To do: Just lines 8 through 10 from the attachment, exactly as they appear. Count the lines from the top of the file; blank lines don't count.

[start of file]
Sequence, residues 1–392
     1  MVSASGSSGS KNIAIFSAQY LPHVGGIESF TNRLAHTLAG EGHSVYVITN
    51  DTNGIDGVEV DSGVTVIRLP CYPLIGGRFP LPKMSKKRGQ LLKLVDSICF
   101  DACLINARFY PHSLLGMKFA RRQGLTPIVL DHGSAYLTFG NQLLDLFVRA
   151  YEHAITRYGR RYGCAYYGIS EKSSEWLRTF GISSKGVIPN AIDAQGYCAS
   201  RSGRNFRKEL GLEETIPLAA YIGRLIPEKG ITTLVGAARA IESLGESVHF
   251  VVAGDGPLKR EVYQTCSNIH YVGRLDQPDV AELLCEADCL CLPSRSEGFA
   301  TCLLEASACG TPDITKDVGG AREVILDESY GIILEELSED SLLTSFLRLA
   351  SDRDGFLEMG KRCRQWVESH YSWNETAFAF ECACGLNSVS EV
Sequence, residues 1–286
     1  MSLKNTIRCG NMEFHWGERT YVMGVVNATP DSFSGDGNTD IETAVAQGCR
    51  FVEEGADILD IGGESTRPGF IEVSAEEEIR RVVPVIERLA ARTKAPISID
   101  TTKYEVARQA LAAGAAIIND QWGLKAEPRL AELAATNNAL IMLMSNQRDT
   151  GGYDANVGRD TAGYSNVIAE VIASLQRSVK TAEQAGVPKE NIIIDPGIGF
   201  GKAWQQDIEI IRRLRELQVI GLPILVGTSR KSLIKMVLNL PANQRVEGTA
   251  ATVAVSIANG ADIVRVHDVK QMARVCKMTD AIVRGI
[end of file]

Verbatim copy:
   301  TCLLEASACG TPDITKDVGG AREVILDESY GIILEELSED SLLTSFLRLA
   351  SDRDGFLEMG KRCRQWVESH YSWNETAFAF ECACGLNSVS EV
Sequence, residues 1–286